Succulents and Perennials…too many to list
 
Cover Crop Seeds
 
Our sale location is 2645 South El Camino Real San Mateo, CA 94403. Parking is limited so please park off-site.
 
Let us help you get your FALL GARDEN off to a good start.

Roly-Poly Problems

I got the following question through my web site. I'll answer it below. I was trying to wait until I had a good photo of these little critters, but I don't seem to have very many of them these days, so there's no photo for this post.

The Question:
My veggie garden has been besieged by roly polies.  When I check gardening blogs, most answer that roly polies do not eat live plant tissue but they are definitely eating the base of my cucumber and squash plants. I caught most of them early and taped the base of the stems so they couldn't continue to gnaw away...but they have!!!  They continue to move up the stem even though the stem is tougher than when they were small seedlings.  I have lost a few plants to them. My vegies are mulched with my homemade compost which is a cold one and probably supports the rolly pollies.  How do I rid my soil of them?  They are everywhere!!  BTW I live in San Rafael, Marin County.  Should I solarize the soil?

The answer:Too many garden how-to books and other guides are researched by reading what others have written, so we get the same information over and over. And wrong information over and over is frustrating.

Roly Polies will generally eat any living or dead plant matter that is soft enough, inlcuding much dead, decaying plant matter. If there are only a few of them, they may not damage crops much, but when their populations build up, they do significant damage. While I've never seen sow and pill bugs eat squash stems, I have watched them chew up the blossom ends of summer squash fruit and eat into ripe tomatoes.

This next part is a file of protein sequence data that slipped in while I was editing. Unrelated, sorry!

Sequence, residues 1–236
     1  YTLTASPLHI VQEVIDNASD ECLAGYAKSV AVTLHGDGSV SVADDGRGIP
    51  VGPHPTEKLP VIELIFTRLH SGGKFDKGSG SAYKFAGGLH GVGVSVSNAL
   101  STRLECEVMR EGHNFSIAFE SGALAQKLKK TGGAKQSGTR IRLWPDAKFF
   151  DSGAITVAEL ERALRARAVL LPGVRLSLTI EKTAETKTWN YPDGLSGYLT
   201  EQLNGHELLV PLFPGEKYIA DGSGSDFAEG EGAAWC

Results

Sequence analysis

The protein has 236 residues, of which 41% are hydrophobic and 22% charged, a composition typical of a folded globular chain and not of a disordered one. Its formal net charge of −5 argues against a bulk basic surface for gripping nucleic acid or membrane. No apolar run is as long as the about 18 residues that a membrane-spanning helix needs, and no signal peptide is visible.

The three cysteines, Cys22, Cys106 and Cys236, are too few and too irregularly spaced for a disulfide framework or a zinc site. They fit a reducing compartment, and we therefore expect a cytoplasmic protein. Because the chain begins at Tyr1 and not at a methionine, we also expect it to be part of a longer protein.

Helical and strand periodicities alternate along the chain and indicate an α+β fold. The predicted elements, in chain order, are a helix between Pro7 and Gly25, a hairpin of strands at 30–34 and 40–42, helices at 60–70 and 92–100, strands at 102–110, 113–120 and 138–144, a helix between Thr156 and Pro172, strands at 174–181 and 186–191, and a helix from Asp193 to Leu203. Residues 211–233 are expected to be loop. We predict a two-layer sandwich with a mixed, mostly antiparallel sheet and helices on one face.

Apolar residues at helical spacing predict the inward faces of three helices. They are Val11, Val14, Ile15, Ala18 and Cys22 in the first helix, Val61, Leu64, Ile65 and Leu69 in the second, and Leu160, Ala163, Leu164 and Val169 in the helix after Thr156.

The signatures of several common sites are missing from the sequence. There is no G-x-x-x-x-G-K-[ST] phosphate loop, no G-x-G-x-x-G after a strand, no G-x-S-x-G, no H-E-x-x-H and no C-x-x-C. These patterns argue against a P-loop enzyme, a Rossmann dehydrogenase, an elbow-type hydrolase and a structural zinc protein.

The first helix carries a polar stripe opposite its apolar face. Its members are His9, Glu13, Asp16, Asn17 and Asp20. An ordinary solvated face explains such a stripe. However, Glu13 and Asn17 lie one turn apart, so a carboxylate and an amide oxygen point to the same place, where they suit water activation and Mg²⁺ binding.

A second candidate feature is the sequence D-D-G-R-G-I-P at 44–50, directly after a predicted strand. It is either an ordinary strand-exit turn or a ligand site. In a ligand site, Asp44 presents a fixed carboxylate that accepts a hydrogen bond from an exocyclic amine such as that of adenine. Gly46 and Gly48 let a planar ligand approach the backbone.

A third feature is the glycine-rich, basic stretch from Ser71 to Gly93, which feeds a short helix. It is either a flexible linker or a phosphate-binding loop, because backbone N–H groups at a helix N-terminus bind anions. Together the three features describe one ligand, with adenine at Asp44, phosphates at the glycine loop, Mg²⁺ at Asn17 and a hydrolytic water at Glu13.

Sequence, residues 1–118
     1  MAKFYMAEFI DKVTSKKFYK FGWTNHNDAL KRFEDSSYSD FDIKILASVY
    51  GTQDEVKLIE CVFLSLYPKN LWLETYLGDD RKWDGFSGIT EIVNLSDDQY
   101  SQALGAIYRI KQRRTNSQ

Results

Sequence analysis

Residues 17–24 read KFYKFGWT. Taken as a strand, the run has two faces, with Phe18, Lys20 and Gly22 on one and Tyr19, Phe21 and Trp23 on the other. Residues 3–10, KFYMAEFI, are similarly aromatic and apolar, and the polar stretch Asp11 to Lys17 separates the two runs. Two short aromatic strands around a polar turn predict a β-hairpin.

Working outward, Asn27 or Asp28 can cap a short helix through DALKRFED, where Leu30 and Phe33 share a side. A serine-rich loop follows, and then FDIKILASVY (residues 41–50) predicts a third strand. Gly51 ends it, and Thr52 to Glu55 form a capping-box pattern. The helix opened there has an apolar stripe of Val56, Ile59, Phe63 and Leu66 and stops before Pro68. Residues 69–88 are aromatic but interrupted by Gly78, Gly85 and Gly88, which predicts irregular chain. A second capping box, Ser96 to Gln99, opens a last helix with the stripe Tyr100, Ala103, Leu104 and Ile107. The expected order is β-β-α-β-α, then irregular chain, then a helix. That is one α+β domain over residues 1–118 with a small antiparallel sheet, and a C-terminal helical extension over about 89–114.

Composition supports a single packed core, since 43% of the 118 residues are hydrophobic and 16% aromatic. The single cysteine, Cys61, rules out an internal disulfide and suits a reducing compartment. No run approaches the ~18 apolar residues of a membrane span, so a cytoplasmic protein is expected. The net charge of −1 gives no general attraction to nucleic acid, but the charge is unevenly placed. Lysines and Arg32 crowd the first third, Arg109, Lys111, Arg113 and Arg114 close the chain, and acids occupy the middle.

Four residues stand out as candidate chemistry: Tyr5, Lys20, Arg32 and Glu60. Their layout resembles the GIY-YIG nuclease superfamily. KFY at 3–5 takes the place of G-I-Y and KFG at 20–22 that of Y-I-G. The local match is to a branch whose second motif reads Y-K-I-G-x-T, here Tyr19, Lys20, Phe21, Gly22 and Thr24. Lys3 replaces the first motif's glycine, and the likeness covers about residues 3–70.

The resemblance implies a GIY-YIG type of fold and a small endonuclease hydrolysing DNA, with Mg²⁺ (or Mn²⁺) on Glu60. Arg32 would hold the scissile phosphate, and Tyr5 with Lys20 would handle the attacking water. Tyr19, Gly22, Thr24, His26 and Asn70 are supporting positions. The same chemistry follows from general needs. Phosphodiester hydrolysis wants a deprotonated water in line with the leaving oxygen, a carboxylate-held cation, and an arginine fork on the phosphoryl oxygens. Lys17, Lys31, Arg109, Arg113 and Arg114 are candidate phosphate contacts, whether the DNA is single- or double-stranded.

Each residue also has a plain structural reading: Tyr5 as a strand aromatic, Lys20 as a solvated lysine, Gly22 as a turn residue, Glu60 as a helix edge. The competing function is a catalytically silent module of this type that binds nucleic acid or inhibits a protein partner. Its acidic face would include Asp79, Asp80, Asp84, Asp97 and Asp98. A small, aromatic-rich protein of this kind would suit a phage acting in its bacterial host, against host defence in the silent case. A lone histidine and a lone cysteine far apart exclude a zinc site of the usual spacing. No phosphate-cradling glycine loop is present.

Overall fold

"Roly Polies" is a general common name for both sow bugs and pill bugs, which often occur together in gardens. These are two different species of animal, both more closely related to shrimp than to insects. We call the species that can't roll up sow bugs, the ones that form a tight ball when disturbed, pill bugs, but their habits and management are about the same.

Your goal is to make conditions unpleasant for them and to reduce their numbers if they get so numerous that they are becoming pests. Start by pulling the mulch back from your squash plants, leaving a bare area a few inches wide around them. Try to keep this surface, especially, but all of your garden soil or mulch surface, as dry as possible, since these creatures need to stay moist to survive.

I doubt that solarizing the soil will help with sow and pill bugs. They would tend to run out of the hot area under the plastic. You might get eggs, but the adults are very mobile.

Sow and pill bugs tend to congregate in moist dark places in the day time. You have to move fast, but if you know where they are hiding, and see a lot of them in one place, you can scoop them into a plastic bag, seal it, freeze it, and compost them. Or you can leave out traps, in the form of anchored opaque plastic sheeting or cardboard, remove it fast, and start scooping. Try using a kitchen scoop or a deep trowel.

If you have many sow and pill bugs in an area you are about to clear and replant, try to reduce the population before you plant seeds or set out new seedlings there. Waiting a couple of weeks may be enough, but if you have many of the creatures, you may want to use mechanical means, as just described, or chemical means, as follows, to reduce the population.